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Chapter 11 - Additional remarks on the doctrine of the nothingness of existence

from PARERGA AND PARALIPOMENA, VOLUME 2

Published online by Cambridge University Press:  05 November 2015

Adrian Del Caro
Affiliation:
University of Tennessee
Christopher Janaway
Affiliation:
University of Southampton
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Summary

§142

This nothingness finds its expression in the entire form of existence; in the infinity of time and space, as opposed to the finitude of the individual in both; in the fleeting present as the sole mode of reality's existence; in the dependence and relativity of all things; in constant becoming without being; in constant desire without satisfaction; in the constant obstruction of dying, of which life consists until the obstruction is overcome. Time and the transitoriness of all things in it and by means of it are merely the form under which the nothingness of its own striving is revealed to the will to life, which is intransitory as thing in itself. – Time is that by virtue of which everything at every moment turns to nothing in our hands, whereby it loses all true value.

§143

What has been, that is no more; it exists no more than that which has never been. But everything that is, in the next moment has already been. Therefore the most insignificant present has the advantage of reality over the most significant past, whereby it relates to the former as something to nothing.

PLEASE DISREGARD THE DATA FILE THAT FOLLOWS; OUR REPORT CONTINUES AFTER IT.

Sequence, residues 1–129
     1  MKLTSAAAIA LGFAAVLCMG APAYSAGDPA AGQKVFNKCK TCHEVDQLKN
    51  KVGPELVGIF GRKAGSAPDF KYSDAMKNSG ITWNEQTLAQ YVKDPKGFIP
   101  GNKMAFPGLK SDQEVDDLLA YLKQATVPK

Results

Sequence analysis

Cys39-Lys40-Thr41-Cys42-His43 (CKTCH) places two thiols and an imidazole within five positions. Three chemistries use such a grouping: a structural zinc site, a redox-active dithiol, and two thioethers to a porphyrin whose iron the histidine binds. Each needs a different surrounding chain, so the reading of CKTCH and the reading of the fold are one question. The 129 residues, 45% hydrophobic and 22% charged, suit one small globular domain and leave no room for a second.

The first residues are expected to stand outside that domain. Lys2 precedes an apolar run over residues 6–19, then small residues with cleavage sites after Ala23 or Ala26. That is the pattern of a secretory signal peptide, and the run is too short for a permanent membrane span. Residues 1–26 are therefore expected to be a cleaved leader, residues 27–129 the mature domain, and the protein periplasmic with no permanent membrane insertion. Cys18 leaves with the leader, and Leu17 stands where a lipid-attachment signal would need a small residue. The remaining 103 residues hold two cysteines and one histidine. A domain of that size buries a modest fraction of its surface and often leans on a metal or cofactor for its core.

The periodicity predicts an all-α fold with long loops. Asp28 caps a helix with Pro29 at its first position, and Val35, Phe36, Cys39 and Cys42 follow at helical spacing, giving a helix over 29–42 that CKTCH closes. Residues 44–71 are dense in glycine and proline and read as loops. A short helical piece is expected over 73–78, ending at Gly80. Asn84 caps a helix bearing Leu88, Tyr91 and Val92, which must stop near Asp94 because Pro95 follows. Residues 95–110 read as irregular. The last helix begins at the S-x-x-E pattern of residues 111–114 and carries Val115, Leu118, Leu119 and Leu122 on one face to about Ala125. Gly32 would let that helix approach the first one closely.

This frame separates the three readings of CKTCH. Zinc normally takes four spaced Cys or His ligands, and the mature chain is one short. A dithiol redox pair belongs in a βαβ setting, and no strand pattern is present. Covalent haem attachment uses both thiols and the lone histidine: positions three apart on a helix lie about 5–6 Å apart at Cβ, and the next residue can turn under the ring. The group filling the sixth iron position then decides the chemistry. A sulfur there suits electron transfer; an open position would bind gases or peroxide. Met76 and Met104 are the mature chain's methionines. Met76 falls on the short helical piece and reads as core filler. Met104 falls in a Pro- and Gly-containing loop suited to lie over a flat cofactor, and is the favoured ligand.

All of a sudden, to one's astonishment, one exists after not having been for countless millennia, and after a brief period, one must not be again for the same length of time. – This can never be right, says the heart; and even a crude mind has to have an inkling of the ideality of time from considerations of this kind. But this, along with the ideality of space, is the key to all true metaphysics, because through it room is made for an entirely different order of things than nature. This is why Kant is so great.

Every event of our life belongs only for a moment to the Is, then forever to the Was. Each evening we are poorer by one day. Perhaps we would go insane watching the brief span of our time running out, if not for a mysterious awareness lying deep at the bottom of our being that the never to be exhausted fountain of eternity belongs to us, in order to enable us to refresh the period of life forever.

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Chapter
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Schopenhauer: Parerga and Paralipomena
Short Philosophical Essays
, pp. 255 - 261
Publisher: Cambridge University Press
Print publication year: 2015

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